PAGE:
Levodopa Infusion Considerations
There is no gastric absorption of levodopa,15 hence erratic or delayed gastric emptying – which is a common feature in PD – will affect its transit to the duodenum and into the central nervous system when taken orally. Furthermore, there is an observable correlation between erratic gastric emptying and the wearing-off and missed ‘on’ phenomena.16 Thus, it is necessary to bypass the stomach in order to achieve stable serum concentrations. The first attempts to employ intravenous (IV) infusions of levodopa did produce stable serum concentrations without fluctuations. However, the main drawbacks were that levodopa is not very soluble in saline and needs to be kept at a low pH to remain in solution, making it impractical for an IV pump.17,18
One of the early studies to investigate the practicality of intraduodenal infusions of levodopa/carbidopa gel was undertaken by Bredberg et al., who examined the difference in levodopa plasma concentration in individual patients when given first oral levodopa/carbidopa and second an intraduodenal infusion of levodopa/carbidopa gel. The first scenario resulted in an erratic plasma levodopa concentration profile across two days, while the latter gave very little variance in serum levels.19
Overall, in the literature there is good evidence that intraduodenal levodopa achieves plasma concentrations with a coefficient of variance (CV) similar to continuous intravenous infusion (10–15%).18–20 In contrast, the CV for oral administration and gastric infusion is significantly higher (34–80+%). The development of a micronised suspension gel that allows higher concentration of levodopa per volume has made possible a convenient, portable delivery system. While the portable pump currently employed for this treatment may not be as small as an insulin pump, for example, it is nonetheless quite portable (it can be worn on the belt or with a shoulder strap), and as technology continues to progress the size will shrink.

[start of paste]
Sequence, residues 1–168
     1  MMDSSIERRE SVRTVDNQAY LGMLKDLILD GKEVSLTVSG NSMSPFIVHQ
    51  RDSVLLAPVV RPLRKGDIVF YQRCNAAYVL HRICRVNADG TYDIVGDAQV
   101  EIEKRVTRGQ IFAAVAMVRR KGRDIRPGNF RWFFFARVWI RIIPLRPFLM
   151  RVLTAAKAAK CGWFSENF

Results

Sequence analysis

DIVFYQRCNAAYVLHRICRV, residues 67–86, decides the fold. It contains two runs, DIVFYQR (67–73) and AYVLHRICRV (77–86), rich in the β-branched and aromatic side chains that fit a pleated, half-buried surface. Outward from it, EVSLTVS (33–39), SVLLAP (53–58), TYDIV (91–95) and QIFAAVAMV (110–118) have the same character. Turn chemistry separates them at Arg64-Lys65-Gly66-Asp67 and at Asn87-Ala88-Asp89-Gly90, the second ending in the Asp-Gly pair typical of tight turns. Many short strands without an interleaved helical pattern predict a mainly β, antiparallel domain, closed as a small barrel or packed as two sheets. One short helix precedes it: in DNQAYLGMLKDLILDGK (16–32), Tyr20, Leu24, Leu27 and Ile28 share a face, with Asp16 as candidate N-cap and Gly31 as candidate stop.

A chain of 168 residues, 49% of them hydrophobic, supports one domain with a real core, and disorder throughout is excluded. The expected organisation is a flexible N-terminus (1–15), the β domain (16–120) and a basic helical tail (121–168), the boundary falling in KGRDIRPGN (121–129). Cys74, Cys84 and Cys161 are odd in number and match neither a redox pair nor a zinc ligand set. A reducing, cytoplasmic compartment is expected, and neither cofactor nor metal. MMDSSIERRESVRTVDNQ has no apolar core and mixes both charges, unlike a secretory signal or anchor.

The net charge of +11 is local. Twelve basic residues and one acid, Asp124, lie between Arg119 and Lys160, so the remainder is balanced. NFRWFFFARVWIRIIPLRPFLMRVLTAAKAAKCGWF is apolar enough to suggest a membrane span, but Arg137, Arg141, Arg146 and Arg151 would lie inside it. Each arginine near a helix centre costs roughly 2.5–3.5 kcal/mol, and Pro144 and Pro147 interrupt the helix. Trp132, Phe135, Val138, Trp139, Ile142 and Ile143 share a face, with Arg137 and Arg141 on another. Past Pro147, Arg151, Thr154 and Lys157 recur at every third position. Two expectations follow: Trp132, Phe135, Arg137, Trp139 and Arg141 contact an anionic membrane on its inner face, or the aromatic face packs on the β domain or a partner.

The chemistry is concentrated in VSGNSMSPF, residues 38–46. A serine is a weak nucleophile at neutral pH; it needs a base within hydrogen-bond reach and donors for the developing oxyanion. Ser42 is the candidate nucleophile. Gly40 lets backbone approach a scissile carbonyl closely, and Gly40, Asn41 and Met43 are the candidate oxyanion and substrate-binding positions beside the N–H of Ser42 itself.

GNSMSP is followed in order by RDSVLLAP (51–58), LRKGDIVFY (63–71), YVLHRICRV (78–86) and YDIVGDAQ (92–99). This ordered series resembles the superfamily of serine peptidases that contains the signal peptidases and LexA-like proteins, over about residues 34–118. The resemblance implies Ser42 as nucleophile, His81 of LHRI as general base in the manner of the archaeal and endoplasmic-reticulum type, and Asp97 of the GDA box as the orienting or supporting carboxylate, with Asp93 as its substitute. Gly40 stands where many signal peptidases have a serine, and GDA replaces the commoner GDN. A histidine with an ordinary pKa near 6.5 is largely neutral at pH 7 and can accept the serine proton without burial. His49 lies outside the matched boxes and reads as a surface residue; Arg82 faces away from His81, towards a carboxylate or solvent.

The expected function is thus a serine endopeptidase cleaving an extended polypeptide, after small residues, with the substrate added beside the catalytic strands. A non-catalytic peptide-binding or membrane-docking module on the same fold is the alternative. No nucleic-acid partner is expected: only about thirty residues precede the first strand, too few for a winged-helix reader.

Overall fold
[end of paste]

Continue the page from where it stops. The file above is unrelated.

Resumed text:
So far, there have been slightly more than 20 published trials, including 200+ patients, evaluating intraduodenal levodopa infusion for advanced PD. Achievement of stable serum levodopa concentrations is well demonstrated, and the data would suggest that the degree of benefit is at least similar to that seen with deep brain stimulation of the subthalamic nucleus (STN-DBS). However, only a tiny proportion of these trials are blinded, randomised controlled trials.
The Duodopa Infusion: Randomized Efficacy and Quality of Life Trial (DIREQT) is one of a few that looked specifically at QoL. It enrolled 20 advanced PD patients already taking an optimised regimen of different drugs. It was a six-week randomised cross-over trial of oral polypharmacy versus infusion monotherapy. The primary end-points were a decrease in off time and an increase in functional on time. Results showed that off time fell from 19.2% of time on oral therapy to 1.8% during infusion, with a corresponding rise in functional on time from 74.5 to 90.7%. Patients reported that ease of walking, ADL, off time and overall satisfaction with their level of functioning were all significantly improved with infusion over oral therapy.21 Beyond the six weeks, the Uppsala team reported on nine cases of daytime levodopa infusion at six months, with a 31-month follow-up in two patients. They found that UPDRS parts I, II and IV improved over baseline, and that seven of the nine patients – including the two longest-term patients – maintained their improvement in mentation and ADL scores throughout their follow-up. Furthermore, eight of the patients showed maintained improvement in therapeutic complication scores over baseline.22 A recent publication by Antonini et al. reported follow-up experience of 22 advanced PD patients with troublesome motor complications. The researchers assessed improvement in off time, dyskinesia severity, ADL ratings and PDQ-39 with levodopa infusion over baseline. At twoyear follow-up all patients were found to have maintained significant improvement in all areas.23
While most studies have investigated daytime infusion, there is interest in 24-hour infusion, as many patients have troublesome and often debilitating night-time akinesia and sleep disturbances. Nyholm et al. investigated continuous levodopa infusion in five advanced PD patients, and found that all reported substantial improvement in akinesia and sleep quality with the 24-hour regimen. This benefit was maintained for the full 13–27 months of the study. Furthermore, the regimen was well tolerated and levodopa consumption remained stable.21
Summary and Conclusions
Motor complications are a primary cause of decline in QoL in advanced PD. Discontinuous levodopa delivery contributes to the development of motor and non-motor complications, and levodopa infusion provides stable continuous delivery. Clinical experience with levodopa infusion is encouraging. Further investigation is needed to more clearly assess the extent of the potential role of infusion in addressing this area of need.